SACRAMENTO — Attorneys for the California High-Speed Rail Authority argued Friday that Central Valley residents who sued the state over its bullet train plan have no grounds to stop the project, despite a judge’s ruling that the state violated the promises made to voters in a 2008 ballot proposition.
Instead, it would be up to the state Legislature to step in if lawmakers believed the $68 billion funding plan does not comply with Proposition 1A, which authorized $10 billion in high-speed rail bonds, Deputy Attorney General Michele Inan said.
“The taxpayers are represented through the legislative process,” Inan told Sacramento County Superior Court Judge Michael Kenny.
Kenny ruled in August that the rail authority “abused its discretion by approving a funding plan that did not comply with the requirements of the law.” He further said it had failed to identify “sources of funds that were more than merely theoretically possible.”
Still, Inan argued that since the Legislature approved spending the money to get started on high-speed rail, only the Legislature can undo it or ask for an updated funding plan.
The 2008 proposition required the rail authority to specify the source of the funding for the first operable segment of the high-speed rail line and have all the necessary environmental clearances in place. Kenny said in his previous ruling that the agency did not comply with either of those mandates, but Proposition 1A appears to leave it up to lawmakers to decide whether the plan is sufficient to warrant funding.
Friday’s hearing was held for the judge to consider what penalty, if any, he should impose for the rail authority’s failure to comply with the ballot initiative in its initial funding plan. The rail authority argues that the judge’s ruling was based on an old funding plan that has since been revised.
Attorneys for affected landowners who are suing the state have asked Kenny to rescind construction contracts, including a $1 billion deal signed this fall, or prevent the state from spending any more of the voter-approved bonds.
Inan said the state is not spending any bond money now, anyway, and instead is relying on about $3.2 billion in federal money from the Obama administration.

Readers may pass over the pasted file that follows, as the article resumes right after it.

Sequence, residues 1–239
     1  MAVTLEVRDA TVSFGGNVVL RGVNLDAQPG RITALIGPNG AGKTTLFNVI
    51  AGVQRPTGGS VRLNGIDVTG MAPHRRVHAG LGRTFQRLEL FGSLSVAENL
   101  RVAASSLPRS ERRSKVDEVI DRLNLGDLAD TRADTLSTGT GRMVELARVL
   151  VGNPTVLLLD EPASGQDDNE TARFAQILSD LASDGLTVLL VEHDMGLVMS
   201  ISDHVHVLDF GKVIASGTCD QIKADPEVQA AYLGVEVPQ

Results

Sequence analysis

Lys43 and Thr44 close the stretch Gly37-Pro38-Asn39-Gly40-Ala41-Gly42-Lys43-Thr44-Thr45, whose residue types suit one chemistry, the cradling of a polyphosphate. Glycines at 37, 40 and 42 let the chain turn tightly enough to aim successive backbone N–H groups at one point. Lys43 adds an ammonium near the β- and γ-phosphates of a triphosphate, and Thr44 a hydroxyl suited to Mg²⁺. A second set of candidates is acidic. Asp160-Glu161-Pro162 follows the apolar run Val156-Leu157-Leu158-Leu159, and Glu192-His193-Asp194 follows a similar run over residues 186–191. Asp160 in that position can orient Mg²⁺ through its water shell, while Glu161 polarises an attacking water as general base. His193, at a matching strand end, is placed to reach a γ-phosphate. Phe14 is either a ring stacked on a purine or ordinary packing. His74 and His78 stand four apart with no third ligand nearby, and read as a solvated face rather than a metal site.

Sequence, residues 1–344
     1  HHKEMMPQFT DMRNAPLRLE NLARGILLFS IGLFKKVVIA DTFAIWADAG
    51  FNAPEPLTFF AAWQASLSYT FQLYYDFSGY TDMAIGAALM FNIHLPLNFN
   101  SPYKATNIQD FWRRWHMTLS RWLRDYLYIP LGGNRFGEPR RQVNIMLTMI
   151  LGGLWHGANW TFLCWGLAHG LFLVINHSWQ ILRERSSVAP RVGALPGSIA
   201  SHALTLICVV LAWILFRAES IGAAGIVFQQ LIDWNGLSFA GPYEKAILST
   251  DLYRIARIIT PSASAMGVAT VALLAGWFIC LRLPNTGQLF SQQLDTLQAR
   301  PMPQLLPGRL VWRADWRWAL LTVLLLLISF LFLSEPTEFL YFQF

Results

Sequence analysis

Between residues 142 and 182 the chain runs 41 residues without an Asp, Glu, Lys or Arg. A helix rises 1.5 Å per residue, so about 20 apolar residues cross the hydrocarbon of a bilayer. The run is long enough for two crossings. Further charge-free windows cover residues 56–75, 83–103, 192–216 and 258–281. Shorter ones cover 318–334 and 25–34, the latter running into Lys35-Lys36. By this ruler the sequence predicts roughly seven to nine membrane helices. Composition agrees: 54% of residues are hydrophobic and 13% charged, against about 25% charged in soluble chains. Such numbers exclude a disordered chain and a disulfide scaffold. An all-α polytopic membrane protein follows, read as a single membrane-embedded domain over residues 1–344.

But those are matching funds that eventually will require the state to spend an equal amount, meaning the state is committing the bond money now, said attorney Stuart Flashman, representing the plaintiffs.
“Where is the money?” Flashman asked. “If they’re not using the bond funds, what other funds are they using? What other funds are they promising the feds they are using? There aren’t any.”
Rail authority contractors have begun the design and engineering work on the first 30-mile stretch from Madera to Fresno, but have yet to put shovels in the ground despite previous projections that construction would begin in July. Officials said Friday that they hoped it would begin “in the near future.”
According to the state treasurer’s office, California has already issued more than $705 million in Proposition 1A bonds, about $400 million for the high-speed rail project and about $305 million for so-called “connectivity” projects that will boost the performance of existing rail networks that eventually could link to high-speed rail.
John Tos, a Hanford farmer who is the lead plaintiff in the lawsuit, said the rail plan has changed so many times that voters should have another chance to review it.
“Now that it’s beyond conceptual, now we know the facts, where it’s going to go, what it’s going to cost, the destruction that it’s going to do and what have you, it needs to go back to the voters,” Tos said outside court. “We need to let the voters vote on this again to see whether or not they really want this.”